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Press Release

Grundy-led drug trafficking organization faces federal charges

For Immediate Release
U.S. Attorney's Office, Southern District of Indiana



Indianapolis – United States Attorney Josh Minkler today announced federal criminal charges against 26 individuals reaching from Indianapolis to Phoenix, Arizona, one of which is Richard Grundy III.

“Drug dealing fuels violence and the addiction epidemic our community faces each and every day,” said Minkler.  “My goal is to make Indianapolis the most inhospitable place in the country to sell illegal drugs.  Violent criminals who conduct criminal activity in and around Indianapolis will feel the full force of federal law enforcement.”

Agents and officers from a number of agencies served arrest and search warrants at 24 locations in Indianapolis and Phoenix, Arizona last Friday ultimately arresting 21 individuals.  During the investigation approximately 30 firearms, $100,000 in currency, and quantities of heroin, methamphetamine, marijuana, and prescription drugs were seized.

Those charged include:

Richard B. Grundy, III, 28, a/k/a White Boy, Indianapolis

Ezell Neville, 39, a/k/a Bo, Indianapolis

Gilberto Vizcarra-Millan, 31, Phoenix, AZ *

Mario Eduado Villasenor, 34, Phoenix, AZ

Emilio Mitchell, II, 40, a/k/a Loaf, Indianapolis *

Emilio Mitchell, Jr., 23, Indianapolis *

Lance L. Hatcher, Jr., 33, a/k/a Mont Mont, Indianapolis

Thomas Bullock, 19, Indianapolis

Dion G. Madison, 31, a/k/a D, Indianapolis

Frank S. Early, 22, Indianapolis *

Frankie B. Ray, 29, a/k/a Fresh, Indianapolis

Christopher D. Bradford, 24, Indianapolis

Daona Le’Ann Gholston, 19, Indianapolis

David C. Carroll, 35, Indianapolis

Michael Hyatte, 47, Indianapolis

Nathaniel Dixson, 33, a/k/a Dog, Indianapolis

Derek Atwater, 31, a/k/a Shorty, Indianapolis

Robert Lisenby, Jr., 32, a/k/a Russ, Indianapolis

Torin A. Harris, 31, Indianapolis

John E. Bell, 51, Indianapolis

Shemilah D. Crowe, 37, Indianapolis

James O. Beasley, 37, a/k/a Jake, Indianapolis

Dejuan Love, 41, Indianapolis *

Larry Ayres, 37, Indianapolis

Clinton Carter, 39, Indianapolis

Brandon Hudson, 27, Indianapolis

* remains a fugitive – pictures attached

According to the indictment, Richard B. Grundy, III, was the alleged leader of a drug trafficking organization that operated in Indianapolis.  Grundy and other individuals, including Ezell Neville and David Carroll, pooled their money to obtain methamphetamine from sources in the Phoenix, Arizona area.  The methamphetamine was then transported to Indianapolis, stored in “stash houses” for the Grundy organization and later distributed.

According to the indictment, throughout the conspiracy the defendants allegedly possessed firearms to safeguard members of the organization, as well as their controlled substances and drug proceeds.  Further, they used telephones using code language to discuss their drug trafficking operation.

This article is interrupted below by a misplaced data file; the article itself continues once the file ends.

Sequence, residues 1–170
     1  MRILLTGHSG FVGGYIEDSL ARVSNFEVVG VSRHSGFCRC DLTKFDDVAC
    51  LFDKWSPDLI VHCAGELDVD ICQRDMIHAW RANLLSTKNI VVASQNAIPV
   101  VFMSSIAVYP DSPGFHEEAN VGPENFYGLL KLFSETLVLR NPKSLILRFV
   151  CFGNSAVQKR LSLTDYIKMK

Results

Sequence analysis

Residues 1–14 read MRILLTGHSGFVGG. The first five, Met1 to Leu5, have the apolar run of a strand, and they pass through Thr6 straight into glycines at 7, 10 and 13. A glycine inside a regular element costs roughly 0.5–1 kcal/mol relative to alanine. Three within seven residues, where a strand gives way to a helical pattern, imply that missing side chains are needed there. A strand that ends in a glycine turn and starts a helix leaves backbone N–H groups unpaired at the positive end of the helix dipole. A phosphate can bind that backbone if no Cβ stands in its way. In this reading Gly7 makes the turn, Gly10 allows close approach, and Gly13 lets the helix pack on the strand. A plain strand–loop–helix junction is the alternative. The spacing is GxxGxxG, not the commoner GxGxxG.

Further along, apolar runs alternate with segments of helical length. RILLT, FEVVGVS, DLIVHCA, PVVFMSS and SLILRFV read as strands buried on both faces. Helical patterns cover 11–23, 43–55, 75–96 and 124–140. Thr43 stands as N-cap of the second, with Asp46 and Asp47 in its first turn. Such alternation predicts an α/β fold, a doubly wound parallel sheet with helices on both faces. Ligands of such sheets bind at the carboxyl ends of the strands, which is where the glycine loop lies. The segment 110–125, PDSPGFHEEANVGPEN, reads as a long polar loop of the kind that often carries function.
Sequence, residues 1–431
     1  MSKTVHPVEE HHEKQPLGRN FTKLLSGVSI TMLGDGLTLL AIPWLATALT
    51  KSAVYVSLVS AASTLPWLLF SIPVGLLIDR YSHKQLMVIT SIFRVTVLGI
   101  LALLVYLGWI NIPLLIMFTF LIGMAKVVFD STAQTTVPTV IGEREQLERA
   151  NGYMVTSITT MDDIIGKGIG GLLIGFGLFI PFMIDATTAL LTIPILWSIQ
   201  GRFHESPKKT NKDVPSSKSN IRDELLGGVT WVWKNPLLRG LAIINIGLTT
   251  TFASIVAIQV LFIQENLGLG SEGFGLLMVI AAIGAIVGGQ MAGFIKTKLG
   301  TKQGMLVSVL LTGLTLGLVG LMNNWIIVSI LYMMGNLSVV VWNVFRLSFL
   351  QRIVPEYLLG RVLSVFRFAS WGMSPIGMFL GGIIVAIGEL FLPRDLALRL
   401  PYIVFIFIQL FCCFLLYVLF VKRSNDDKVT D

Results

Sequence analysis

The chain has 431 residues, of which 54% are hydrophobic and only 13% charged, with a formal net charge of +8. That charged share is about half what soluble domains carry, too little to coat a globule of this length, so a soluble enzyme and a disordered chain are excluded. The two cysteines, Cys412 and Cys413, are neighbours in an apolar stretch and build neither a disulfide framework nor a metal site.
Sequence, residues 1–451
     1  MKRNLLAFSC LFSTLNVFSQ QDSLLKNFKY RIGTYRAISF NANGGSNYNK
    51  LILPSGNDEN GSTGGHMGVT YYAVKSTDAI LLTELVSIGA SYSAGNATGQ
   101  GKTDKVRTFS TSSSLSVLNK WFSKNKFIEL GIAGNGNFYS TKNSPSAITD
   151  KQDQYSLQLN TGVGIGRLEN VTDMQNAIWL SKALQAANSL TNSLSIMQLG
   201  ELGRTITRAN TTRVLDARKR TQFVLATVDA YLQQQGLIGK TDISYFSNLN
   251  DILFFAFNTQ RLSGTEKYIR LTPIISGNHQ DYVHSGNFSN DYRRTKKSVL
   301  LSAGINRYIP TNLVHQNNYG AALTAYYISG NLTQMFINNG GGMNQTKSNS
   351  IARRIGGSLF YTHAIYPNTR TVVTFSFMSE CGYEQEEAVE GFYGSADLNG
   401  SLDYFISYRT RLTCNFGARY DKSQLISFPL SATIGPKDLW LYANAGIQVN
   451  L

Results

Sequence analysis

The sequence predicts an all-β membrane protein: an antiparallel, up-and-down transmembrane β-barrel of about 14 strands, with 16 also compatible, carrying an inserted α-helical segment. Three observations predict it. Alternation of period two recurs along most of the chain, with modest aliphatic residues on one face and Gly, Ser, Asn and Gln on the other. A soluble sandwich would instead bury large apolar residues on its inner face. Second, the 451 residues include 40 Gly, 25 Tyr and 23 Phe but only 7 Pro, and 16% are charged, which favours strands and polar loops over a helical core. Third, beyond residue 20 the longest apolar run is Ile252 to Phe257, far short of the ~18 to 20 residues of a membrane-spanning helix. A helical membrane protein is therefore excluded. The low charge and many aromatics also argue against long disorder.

This case was investigated by the Federal Bureau of Investigation, Drug Enforcement Administration, Bureau of Alcohol, Tobacco and Firearms, Indianapolis Metropolitan Police Department, Fishers Police Department, the Marion County Sheriff’s Department, and the Indiana State Police.

“The FBI is uniquely positioned to target transnational criminal enterprises like this that use violence in the commission of their illegal activities,” said W. Jay Abbott, Special Agent in Charge of the FBI’s Indianapolis Division.  “Working collaboratively with our federal, state, and local partners we are able to disrupt and dismantle these groups so they can no longer terrorize our communities.”

“Violent drug trafficking organizations are a top priority for the DEA, and we stand united with our federal, state, and local partners to protect our communities and preserve the rule of law,” said Greg Westfall, DEA Assistant Special Agent Charge. 

"We do not accept violence as the norm in our cities and streets," said Trevor Velinor, ATF Special Agent in Charge.  "We will continue our efforts towards a safer reality for all our residents.  I recognize the committed efforts of our law enforcement partners for their cooperation and hard work to bring these individuals to justice.  I would also like to thank the citizens of Indianapolis who support our collective efforts to ensure a safer community for all of us."

“The Citizens of Indianapolis have a fundamental right not to live in fear.  On Friday our Federal, State, and local partners executed simultaneous warrants in an effort to remove those believed to be responsible for significant violence and pain in our community,” said Chief Roach. “Today’s announcement sends a clear message that law enforcement, and our community, will not waiver on efforts to identify and hold accountable those believed to be responsible for committing violent acts.  I am grateful for the cooperative effort and continued focus on making Indianapolis a safer community.”

“We continue to see the results of collaboration among federal, state, and county agencies in this investigation.  We appreciate the multi-agency cooperation aimed at pursuing those individuals who perpetuate the violence which compromises the safety of our community,” Marion County Prosecutor Terry Curry said.  “In addition to the new federal charges, many of these individuals may now also face additional penalties related to their prior state felony convictions.”

According to Drug and Violent Drug Chief Bradley A. Blackington, most of the defendants face up to life imprisonment if convicted.

An indictment is merely a charge and not evidence of guilt.  All defendant are considered innocent until proven guilty in federal court.  





Updated November 20, 2017